walk across a stage and receive a diploma for completing school. How do you
describe the pride and honor you feel or raising a child that is now a
contributing part of society and could go on to save lives or to cure diseases?
You may not have your name on a plaque or climbed the corporate ladder, but a
human life has been shaped and molded because of you.
I’m not going to pretend to be an expert of feminism and go on
some rant about defining the roles of each gender. My feeling was that feminism
is supporting a woman’s right to choose the path for her life and accomplish
the dreams that she has, no matter how difficult those may be. What sort of
backwards thinking would give anyone the right to say, “No, your dream is
stupid and therefore it’s invalid and a waste of time.” Moms, I appreciate the
work you do and I don’t think for one second that if your dream was to be a mom
you’ve done anything wrong. I mean, without moms none of us would be here,
I was lucky enough to grow up with a mom who stayed at home and
took care of us. It’s a luxury that some don’t have because we all can’t afford
nannies or cleaning ladies or personal shoppers. My mom was there for me when I
felt like I was completely alone in the world. She worked hard to raise her
children and would do it all over again. I appreciate the service that my mom
provided to our family. If you’re a mom reading this, then obviously I don’t
have to tell you the joys you find in being a mother or even a wife, if that’s
applicable to you too. What I do want you to know is that you are valuable and
you are a vital part of society. Don’t let anyone diminish your accomplishments
or look down on you. Thank you for everything that you do.
Truth is, there will never be enough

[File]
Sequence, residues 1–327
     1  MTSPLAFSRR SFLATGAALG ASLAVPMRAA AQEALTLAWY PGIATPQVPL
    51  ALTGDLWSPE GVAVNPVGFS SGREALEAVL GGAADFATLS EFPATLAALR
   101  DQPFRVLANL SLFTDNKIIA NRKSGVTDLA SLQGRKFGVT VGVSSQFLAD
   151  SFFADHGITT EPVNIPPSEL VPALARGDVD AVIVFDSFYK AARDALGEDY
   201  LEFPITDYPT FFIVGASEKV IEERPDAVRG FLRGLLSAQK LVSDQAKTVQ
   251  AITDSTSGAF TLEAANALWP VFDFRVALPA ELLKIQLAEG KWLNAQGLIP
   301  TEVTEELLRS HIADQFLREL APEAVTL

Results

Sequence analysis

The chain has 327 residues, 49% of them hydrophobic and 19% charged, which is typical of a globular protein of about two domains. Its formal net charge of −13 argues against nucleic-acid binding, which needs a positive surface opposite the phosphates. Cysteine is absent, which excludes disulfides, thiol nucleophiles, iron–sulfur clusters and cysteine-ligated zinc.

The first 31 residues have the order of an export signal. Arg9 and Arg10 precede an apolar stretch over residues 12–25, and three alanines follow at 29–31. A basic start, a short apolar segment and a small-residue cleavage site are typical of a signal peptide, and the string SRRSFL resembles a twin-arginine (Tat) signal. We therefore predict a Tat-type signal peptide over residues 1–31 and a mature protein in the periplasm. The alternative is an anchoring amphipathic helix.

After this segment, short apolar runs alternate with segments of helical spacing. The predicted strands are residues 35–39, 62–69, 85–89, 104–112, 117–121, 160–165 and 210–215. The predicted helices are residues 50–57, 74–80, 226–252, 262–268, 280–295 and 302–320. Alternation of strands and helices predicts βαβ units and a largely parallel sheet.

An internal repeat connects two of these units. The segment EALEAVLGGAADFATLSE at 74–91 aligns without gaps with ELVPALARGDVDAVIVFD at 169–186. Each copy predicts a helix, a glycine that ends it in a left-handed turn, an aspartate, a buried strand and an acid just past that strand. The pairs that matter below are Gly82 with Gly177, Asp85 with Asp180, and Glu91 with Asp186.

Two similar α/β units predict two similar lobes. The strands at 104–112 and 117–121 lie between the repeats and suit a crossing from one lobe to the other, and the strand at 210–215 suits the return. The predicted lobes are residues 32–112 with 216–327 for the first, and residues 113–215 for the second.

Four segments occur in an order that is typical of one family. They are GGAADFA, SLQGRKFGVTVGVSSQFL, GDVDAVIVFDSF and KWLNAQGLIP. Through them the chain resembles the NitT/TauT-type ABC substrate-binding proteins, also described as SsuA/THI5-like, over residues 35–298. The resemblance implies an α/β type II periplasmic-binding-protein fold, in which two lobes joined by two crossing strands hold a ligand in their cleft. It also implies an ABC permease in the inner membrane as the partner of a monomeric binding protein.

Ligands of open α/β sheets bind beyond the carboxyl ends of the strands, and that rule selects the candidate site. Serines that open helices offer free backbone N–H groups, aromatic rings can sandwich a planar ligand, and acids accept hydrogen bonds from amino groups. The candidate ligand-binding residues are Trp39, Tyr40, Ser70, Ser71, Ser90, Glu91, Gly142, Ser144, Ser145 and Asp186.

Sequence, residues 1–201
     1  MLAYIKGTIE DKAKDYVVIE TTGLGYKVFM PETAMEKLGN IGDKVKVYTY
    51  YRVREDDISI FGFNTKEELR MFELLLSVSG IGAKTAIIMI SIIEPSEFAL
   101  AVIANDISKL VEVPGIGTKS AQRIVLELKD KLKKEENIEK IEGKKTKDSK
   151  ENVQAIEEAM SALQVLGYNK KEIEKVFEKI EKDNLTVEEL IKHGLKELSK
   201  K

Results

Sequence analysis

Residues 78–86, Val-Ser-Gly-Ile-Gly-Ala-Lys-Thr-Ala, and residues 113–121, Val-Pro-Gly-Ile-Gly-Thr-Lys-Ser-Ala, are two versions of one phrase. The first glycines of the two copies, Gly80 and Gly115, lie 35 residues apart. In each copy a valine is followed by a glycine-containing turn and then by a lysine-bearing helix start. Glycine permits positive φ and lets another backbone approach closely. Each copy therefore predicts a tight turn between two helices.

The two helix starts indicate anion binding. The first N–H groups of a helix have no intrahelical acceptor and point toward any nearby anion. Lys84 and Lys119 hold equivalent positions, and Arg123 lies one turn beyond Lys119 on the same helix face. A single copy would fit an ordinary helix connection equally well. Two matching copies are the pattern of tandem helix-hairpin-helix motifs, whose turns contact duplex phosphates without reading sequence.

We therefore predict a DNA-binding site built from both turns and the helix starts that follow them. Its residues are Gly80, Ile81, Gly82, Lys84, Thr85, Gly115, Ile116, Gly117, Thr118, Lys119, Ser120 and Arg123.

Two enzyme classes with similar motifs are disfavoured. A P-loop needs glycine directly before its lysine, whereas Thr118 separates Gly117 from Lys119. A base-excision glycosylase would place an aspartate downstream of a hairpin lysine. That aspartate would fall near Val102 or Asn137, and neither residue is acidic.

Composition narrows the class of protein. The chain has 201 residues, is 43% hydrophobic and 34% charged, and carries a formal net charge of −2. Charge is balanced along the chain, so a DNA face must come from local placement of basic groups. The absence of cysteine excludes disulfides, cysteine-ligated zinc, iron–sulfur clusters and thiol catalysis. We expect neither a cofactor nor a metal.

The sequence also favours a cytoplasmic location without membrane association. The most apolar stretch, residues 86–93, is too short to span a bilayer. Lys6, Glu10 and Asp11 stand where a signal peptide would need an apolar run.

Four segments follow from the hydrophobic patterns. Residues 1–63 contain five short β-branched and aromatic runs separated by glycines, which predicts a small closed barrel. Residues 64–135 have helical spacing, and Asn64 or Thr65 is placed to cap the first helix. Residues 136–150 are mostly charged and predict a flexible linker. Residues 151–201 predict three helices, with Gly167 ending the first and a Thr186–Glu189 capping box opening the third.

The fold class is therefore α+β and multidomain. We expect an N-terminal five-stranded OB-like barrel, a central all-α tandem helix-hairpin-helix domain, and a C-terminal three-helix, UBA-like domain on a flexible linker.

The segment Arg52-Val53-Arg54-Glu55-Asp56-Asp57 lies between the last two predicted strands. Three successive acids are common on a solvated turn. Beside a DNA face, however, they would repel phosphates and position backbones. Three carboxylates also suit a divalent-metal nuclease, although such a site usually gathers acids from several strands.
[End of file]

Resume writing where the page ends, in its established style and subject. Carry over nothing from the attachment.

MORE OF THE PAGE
times I can say those precious words “thank you” to match what you have done
here and think about all of the milestone moments in my life, and it’s no
coincidence that you were right there with me through all of them. You are my
backbone even if we are miles apart or when I get chance to snuggle up with you
and watch one of our favorite shows and pretend I am a kid again.
call and every time I am in need of help, advice, support, or any other
mischief you can think of, you are always the first to respond no matter how
tired or worn out you may be that day. You have always been the most
compassionate and caring human and it constantly makes me want to be a better
person. As I grow older, I can only hope to be even a fraction of an incredible
human as you are.
are the biggest inspiration in my life and I would be nowhere without you, (I
mean I wouldn’t even be born), but more than that. You have given me my genes,
my physical traits, yes, but beyond that, and more importantly, you have given
me my heart. You have consistently shown me unconditional love and support throughout
my life. You taught me the power of altruism and putting others before you,
even when they will not do the same for you. You have taught me to love, and to
always be kind to whomever you meet. You have taught to go for my dreams and
that nothing is too far out of reach if I want it.
One day I wish I could repay you for everything you
have done for me, but frankly, there is no gift and no perfect equivalent to
the amount of impact you have had on my life.
I love you beyond words, Mom. And even though I may not say it enough, thank you, for everything.
My friend’s letter to single mothers from her journal called Journal of Prosy
Having a complete family is all I ever dreamed of. Yet throughout all the
years, somehow, my mom embodied everything I needed in a father and much more.
It was my mother who told me
to be strong when I was having a hard time making friends back in grade school.
I used to beg her to go with me school just so I could have someone to eat
lunch with. Being surrounded by grown-ups my whole life, interacting with
people my age was hard for me; yet she wiped all my tears and reminded me that
things would always get better, I just needed to keep my head up.
My mother taught me to
always fight for what I believe in and to never back down. To posses the spirit
of a true fighter, just like her. When bullies called me names and made me feel
terrible about myself, she defended me. She told me to be strong because one day
I’d eventually have to be strong without her. She said that I needed to learn
how to stand on my own two feet and that all these trials I was experiencing
were going to build character. So I became strong, I learned that I could
overcome just about anything.
My mother showed me success
should never be flaunted and nothing worth having ever comes without hard work.